Manny Being Manny Could Cost Him Millions

Scott WaggenerContributor IFebruary 3, 2009

Manny Ramirez is the greatest hitter in the game today. He has been since Ken Griffey Jr. went through his injury plagued years in Cincinnati. How many of you going into the playoffs last season thought the Los Angeles Dodgers had a chance to win the National League? I know I did, and the reason was Manny Ramirez. 

The fact is, when Manny is on your team, the sky is the limit. He led the Cleveland Indians to the World Series twice. He led the cursed Boston Red Sox to a title twice. And it looked like he was single-handedly going to win one for the Los Angeles Dodgers in 2008. 

While last season proved he can make any team a contender, he also proved that he cannot be trusted. 

Half-way through last season, Manny decided he didn't want to play in Boston anymore, so he completely quit on his team and forced them to trade him. 

He got what he wanted. 

Little did he know that the actions everyone calls "Manny being Manny," got him what he wanted that day, but set him up for a big disappointment when his deal ran out with the Dodgers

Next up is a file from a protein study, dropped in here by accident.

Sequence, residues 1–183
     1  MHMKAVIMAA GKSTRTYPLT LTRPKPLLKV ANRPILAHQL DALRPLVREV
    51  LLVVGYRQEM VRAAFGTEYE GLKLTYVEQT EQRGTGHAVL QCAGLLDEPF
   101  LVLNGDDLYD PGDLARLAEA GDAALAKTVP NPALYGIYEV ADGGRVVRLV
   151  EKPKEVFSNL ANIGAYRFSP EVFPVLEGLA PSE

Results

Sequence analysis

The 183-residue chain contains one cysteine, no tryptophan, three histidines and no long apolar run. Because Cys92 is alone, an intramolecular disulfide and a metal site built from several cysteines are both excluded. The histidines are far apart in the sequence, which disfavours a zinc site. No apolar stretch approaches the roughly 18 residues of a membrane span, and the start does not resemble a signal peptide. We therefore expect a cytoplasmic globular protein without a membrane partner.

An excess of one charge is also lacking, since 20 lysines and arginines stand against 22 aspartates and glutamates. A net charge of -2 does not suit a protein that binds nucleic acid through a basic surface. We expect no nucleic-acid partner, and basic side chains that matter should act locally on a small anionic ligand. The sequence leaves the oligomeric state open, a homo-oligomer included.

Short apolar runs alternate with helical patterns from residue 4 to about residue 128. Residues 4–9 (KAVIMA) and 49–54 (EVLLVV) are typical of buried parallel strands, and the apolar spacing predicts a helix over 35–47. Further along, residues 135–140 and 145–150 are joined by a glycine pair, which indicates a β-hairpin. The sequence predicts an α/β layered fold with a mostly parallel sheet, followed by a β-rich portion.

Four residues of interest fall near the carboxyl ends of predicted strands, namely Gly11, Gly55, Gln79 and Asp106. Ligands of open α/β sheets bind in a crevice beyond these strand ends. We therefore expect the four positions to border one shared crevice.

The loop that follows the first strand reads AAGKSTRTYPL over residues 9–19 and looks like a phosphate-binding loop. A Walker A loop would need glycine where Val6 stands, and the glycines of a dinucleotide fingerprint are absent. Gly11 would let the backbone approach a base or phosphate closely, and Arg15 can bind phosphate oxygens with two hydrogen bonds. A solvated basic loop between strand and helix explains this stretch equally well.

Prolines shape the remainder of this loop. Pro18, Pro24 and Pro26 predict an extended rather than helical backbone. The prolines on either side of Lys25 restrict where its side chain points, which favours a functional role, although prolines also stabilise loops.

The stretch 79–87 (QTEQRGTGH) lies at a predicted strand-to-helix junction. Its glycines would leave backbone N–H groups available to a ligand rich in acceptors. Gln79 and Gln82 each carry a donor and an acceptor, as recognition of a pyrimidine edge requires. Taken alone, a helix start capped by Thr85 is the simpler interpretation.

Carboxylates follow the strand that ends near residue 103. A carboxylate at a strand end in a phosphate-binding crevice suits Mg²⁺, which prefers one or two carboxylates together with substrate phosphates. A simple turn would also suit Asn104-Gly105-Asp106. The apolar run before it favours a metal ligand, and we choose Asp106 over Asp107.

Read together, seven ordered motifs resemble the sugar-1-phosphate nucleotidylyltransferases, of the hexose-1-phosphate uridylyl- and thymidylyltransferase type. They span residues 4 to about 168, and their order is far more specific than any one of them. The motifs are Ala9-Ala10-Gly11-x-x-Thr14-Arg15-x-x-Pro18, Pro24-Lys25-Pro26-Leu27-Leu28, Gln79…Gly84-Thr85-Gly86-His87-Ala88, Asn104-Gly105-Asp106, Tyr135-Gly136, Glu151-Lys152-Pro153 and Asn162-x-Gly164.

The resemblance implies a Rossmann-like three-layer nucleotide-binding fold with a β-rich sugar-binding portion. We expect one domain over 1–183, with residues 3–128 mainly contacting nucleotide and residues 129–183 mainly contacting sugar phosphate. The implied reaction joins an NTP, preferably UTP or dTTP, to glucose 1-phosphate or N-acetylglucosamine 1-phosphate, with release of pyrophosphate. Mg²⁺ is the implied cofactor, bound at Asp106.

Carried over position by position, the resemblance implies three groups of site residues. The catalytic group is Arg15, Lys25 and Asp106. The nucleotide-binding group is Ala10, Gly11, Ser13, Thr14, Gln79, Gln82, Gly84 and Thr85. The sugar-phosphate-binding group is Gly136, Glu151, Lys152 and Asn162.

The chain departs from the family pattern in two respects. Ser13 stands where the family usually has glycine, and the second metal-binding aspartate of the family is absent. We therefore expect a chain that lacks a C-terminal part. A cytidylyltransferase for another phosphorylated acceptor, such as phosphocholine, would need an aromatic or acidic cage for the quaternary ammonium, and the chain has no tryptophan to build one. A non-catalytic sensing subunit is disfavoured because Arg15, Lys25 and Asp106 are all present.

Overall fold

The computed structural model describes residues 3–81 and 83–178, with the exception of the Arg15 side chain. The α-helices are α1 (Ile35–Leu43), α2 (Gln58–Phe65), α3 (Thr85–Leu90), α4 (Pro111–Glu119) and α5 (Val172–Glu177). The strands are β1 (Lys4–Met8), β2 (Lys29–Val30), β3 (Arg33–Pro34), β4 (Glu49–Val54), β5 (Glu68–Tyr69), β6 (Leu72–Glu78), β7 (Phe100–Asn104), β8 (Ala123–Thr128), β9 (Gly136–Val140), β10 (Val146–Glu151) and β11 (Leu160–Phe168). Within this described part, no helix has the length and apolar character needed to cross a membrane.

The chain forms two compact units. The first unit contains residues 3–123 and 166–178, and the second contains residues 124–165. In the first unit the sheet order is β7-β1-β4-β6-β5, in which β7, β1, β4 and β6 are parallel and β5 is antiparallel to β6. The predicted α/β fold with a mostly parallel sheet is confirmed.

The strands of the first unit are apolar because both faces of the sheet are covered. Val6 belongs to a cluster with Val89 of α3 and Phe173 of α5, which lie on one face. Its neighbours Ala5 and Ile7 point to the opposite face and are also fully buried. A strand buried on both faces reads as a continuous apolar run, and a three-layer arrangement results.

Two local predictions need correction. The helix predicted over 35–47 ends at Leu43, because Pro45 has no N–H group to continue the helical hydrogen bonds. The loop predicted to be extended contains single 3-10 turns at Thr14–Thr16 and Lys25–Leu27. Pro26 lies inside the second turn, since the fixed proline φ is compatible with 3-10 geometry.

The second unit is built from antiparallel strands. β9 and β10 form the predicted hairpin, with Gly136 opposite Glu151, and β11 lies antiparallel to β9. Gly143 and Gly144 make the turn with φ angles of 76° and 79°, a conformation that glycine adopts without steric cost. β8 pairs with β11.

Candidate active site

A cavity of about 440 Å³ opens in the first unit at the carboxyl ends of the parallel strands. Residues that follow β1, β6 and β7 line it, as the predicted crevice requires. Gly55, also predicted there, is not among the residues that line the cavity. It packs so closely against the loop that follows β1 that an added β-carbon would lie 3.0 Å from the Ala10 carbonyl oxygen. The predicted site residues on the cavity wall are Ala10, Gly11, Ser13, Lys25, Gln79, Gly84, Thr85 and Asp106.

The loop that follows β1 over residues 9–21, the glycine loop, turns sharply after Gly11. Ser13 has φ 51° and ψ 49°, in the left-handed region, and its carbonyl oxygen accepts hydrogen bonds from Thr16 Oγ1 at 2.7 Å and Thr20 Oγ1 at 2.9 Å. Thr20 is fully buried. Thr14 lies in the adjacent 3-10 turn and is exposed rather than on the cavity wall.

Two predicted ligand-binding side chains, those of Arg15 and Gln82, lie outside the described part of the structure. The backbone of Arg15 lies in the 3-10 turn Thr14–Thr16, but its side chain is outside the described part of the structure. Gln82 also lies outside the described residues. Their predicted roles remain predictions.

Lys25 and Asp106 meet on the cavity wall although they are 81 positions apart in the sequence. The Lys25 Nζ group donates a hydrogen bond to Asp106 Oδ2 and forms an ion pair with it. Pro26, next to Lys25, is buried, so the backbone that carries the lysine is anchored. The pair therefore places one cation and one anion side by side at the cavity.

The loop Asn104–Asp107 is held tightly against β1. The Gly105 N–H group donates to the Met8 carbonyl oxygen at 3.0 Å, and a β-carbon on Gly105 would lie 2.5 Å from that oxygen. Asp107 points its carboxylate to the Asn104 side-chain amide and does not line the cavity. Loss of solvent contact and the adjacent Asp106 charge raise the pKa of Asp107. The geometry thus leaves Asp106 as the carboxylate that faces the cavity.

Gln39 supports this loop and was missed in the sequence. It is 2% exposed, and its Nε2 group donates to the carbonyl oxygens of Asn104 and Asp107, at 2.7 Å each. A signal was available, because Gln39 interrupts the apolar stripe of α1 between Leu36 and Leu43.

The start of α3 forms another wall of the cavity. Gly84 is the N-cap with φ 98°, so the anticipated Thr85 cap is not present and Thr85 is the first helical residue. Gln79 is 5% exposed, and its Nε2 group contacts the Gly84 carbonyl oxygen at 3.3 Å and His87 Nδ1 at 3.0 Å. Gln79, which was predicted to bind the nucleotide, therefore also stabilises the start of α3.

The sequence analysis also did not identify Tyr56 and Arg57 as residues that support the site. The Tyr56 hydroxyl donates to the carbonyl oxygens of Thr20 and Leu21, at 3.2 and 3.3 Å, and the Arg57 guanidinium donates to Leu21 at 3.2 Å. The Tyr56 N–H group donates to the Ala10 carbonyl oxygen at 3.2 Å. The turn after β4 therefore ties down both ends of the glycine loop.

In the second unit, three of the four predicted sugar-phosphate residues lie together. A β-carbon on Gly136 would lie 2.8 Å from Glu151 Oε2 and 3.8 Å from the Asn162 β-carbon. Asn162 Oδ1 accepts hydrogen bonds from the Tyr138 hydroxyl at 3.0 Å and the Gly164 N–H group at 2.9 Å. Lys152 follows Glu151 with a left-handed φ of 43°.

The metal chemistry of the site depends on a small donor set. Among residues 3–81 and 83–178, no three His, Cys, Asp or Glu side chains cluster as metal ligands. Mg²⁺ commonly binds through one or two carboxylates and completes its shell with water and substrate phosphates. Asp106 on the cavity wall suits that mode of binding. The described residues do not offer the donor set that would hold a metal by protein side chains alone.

There may be a team out there willing to give Manny a long-term deal, but he doesn't deserve it. For a club to make that kind of commitment to you,they have to trust that you will fulfill your contract just as they are obligated to.

While Manny played great last year, I don't understand why he thinks he is more valuable today than he was during his prime in Boston. 

He received $20 million in 2004, and his salary has steadily decreased every year since.

Dodgers' club chairman, Frank McCourt, is getting frustrated. The only team to make him an offer so far this offseason is about to pull out of the chase altogether. He knows that he could build his team for the future with the money Manny wants over the next three years.

Outfielders Adam Dunn and Bobby Abreu are still on the market, and pitchers Braden Looper and Randy Wolf are available as well. They could find a replacement in left and fill the hole that Derek Lowe created when he left for Atlanta.

Frank McCourt knows that to be a true contender, he needs Manny. Without him, they are a very nice ball club, but with him they are a serious pennant threat.

McCourt must ask the question: Is he willing to put all that money into an investment that could one day, without warning, completely blow up in his face?

Is Manny so good that he can act this way and still get what he wants. In the end, I believe that we will find out that he is.

And it pisses me off.